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The Magic of the Mistletoe
I puff out short little breaths, delighted by the little clouds that appeared in front of my face. At the age of six, with Mommy and Daddy in the cabin behind me, and snow falling all around, there was little more that I could ask for.
Suddenly, I felt something cold and hard hit my face. I turn toward the direction of the impact to find my friend, Noah, laughing next to me.
"You are such a girl!" he said between spurts of laughter. His bright green jacket stood out against the white snow, and his beanie almost covered his eyes, it was so big.
I felt the tears pricking my eyes, and I hurry up the steps of the cabin, wanting to go in and have Mommy comfort me, and Daddy offer me a cup of hot chocolate. Noah seemed to realize that something was amiss, and he hurried toward the steps, all traces of laughter gone.
Just as I was about to open the door, he grabbed my gloved hand in his own. "Cassie, stop," he pleaded, his green eyes sparkling. I don't know whether it was to tell me to stop crying, or to stop me from telling on him, but for some odd reason, I stopped right there, my little chubby hand on the doorknob.
Suddenly, I felt a warmth against my cheek. I put my hand up, covering the area, in complete shock.
"What did you do?" I asked, completely unaware.
Noah simply shrugged and pointed up. I followed the direction of his finger and found a little green plant above the door, with red berries. It twinkled, as if it were some higher being, holding plenty of things in store for us that we didn't know about just yet.
"My daddy says that you have to kiss under that plant," he looks at me again. "I don't know why, but he told me that was what you were supposed to do under a mistletoe."
"Mistletoe," I repeat, barely a whisper.
"It's supposed to be magical," Noah agrees, gazing up to the little plant. He takes notice of my stopped tears and grins widely at me, as if the mistletoe did hold the magic to stop my tears, before pushing past me into the cabin before me, where our parents were laughing and drinking. His mother came by and offered him a hot chocolate.
I snap out of the surprise I was in and barreled my way toward my own mother. There was no way that he was getting hot chocolate and I wasn’t.
Ten years later…
"NOAH!" I scream at the top of my lungs, wiping away the snowball that just planted itself on my face. I hear his chuckle just as he disappears around the side of the cabin. "Oh, you are so dead!" I howl as I chase after him, a freshly packed snowball cupped in my gloved hands.
Just as I round the corner, my face gets a nice heaping pile of snow. I blink a couple of times, adjusting to the sudden cold, before I see those same green sparkling eyes that were teasing me. I feebly attempt to lob my own poorly packed snowball in his smirking face, but he easily sidesteps it.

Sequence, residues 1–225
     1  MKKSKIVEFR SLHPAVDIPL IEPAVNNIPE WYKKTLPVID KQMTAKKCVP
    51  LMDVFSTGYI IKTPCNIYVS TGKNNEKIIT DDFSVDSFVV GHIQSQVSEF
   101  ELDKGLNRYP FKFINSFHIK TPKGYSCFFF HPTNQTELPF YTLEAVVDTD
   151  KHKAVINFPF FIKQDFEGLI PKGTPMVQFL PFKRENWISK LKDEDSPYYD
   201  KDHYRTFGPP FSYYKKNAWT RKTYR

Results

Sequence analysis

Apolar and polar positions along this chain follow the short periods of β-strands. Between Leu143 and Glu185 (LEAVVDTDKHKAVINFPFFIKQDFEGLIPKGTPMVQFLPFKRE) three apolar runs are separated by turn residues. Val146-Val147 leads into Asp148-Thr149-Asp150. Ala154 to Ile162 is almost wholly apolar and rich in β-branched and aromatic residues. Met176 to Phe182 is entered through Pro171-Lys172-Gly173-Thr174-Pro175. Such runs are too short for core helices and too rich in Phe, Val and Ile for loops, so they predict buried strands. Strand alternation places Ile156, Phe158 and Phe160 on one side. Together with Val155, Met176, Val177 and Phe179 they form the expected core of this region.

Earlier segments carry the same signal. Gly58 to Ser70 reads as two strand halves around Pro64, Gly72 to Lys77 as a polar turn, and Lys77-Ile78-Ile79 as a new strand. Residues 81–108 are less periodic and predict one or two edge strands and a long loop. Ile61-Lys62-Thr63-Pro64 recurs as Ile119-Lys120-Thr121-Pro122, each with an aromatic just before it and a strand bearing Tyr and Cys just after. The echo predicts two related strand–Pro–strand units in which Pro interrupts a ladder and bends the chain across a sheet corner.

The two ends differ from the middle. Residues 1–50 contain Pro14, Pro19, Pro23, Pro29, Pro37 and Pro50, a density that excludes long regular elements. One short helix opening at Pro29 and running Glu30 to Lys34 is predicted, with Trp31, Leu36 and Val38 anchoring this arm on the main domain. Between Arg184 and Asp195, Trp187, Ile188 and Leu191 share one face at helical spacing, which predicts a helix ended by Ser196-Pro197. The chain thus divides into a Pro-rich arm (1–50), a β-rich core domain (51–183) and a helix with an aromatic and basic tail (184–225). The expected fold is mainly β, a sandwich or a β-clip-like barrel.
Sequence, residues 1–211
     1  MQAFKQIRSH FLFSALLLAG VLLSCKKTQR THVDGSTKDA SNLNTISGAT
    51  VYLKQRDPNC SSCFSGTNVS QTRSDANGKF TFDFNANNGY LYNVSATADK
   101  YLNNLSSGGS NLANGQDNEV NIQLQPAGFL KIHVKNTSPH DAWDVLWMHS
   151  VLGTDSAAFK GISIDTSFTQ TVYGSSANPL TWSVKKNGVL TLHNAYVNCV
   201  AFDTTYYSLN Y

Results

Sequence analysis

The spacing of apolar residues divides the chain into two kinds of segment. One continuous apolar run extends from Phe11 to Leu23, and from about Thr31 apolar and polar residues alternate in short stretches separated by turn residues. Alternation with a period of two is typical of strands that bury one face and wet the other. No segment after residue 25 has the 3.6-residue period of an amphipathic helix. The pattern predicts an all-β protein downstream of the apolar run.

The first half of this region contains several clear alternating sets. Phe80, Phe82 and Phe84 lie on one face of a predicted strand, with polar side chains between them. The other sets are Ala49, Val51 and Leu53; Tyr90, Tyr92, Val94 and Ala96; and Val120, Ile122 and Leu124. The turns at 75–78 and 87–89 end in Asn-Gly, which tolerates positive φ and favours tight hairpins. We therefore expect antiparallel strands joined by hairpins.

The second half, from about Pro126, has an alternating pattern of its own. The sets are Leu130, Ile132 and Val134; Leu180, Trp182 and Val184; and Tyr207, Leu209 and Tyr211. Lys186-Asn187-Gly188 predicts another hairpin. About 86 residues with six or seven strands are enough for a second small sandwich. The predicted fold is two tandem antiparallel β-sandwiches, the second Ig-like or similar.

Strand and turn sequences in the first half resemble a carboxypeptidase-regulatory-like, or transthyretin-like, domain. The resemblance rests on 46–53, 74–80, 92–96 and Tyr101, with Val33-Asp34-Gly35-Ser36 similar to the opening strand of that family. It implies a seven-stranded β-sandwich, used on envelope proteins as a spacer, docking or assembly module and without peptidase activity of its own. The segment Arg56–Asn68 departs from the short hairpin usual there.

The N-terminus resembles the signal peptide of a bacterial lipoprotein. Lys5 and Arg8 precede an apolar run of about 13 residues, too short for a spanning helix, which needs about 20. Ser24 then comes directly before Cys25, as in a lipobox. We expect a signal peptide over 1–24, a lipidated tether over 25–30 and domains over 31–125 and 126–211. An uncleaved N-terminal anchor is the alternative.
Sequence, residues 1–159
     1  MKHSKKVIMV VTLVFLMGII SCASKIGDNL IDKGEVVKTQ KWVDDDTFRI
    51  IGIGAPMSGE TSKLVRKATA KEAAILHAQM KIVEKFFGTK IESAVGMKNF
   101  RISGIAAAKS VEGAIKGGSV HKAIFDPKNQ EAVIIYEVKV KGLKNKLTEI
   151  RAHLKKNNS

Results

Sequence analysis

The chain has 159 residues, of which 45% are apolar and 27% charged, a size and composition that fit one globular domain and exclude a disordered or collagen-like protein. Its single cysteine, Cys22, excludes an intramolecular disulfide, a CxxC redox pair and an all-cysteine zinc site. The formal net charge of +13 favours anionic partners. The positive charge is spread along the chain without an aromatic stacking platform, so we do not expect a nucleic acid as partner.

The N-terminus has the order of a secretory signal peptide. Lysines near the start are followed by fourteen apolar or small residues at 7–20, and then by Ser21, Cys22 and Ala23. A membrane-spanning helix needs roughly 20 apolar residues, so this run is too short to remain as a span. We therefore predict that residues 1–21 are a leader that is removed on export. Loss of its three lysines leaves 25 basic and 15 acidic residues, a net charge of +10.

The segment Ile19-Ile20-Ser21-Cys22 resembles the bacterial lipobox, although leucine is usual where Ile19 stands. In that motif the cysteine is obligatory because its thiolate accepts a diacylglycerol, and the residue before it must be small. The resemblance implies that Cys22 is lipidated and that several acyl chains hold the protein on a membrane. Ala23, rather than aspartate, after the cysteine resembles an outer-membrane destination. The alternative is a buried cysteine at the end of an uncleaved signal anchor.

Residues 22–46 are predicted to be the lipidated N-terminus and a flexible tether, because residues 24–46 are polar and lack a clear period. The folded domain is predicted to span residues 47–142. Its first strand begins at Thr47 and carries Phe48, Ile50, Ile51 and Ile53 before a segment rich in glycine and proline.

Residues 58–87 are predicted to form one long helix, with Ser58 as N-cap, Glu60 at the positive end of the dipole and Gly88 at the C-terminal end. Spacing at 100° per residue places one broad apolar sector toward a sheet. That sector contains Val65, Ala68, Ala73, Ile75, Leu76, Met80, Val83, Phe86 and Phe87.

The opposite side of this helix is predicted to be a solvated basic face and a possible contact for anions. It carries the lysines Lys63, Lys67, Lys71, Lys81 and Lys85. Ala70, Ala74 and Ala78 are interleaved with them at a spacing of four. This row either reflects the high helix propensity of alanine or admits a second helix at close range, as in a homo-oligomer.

"Darling," he teases, "You were never able to defeat me in a snowball match. I am a clear winner." He grins at me, a grin that leaves most of the girls at our school speechless. Suddenly, for some odd reason, I couldn't feel my knees working correctly anymore. Is it just me, or did he suddenly look very cute in his green beanie and snow jacket?
I shake the feelings out of my head. I suppose getting a face-full of snow doesn't help the thinking process.
Wiping of the snow from my face, I put on a scowl, but Noah just grins some more. When did the chubby little kid in the neon green snow jacket grow up? He was a brother, not a potential boyfriend. Especially since was the target of most of the girls at school; why would he even look at me, his sister, twice?
I throw my hands up in surrender. "You're right. You're the winner, but in my eyes, you will always be a loser." I stick out my tongue before spinning on my heel to go inside. Dad's making his famous hot chocolate, and I will definitely be the first one to drink it.
He chuckles at my oxymoron before following me, his feet crunching the snow. Just as I'm about to open the door, he grabs my hand. Chills shoot up my back; what is happening to me?
I turn around and find me abnormally close, so close that I can feel his breathe mingle with mine. My eyes widen in surprise. "Cassie, stop," he whispers, barely audible.
Suddenly, his soft, warm lips are pressed against mine, and I resist the urge to wrap my arms around his neck. What is wrong with me?
He breaks the kiss, grinning. Oh crap, I think, smooth move, Cassie. Now you will never hear the end of this. But instead of a taunt coming out from his lips, he points up. My eyes follow his finger and find a mistletoe, patiently sitting up there in all of its glory, as if waiting for this moment to happen between us all these years.
"Is it just me, or am I getting the strangest sense of déjà vu?" he whispers close to my ear, tugging at my rainbow beanie.
"Don't you know? That's the magic of the mistletoe." I whisper, smiling, before pulling him back for another kiss.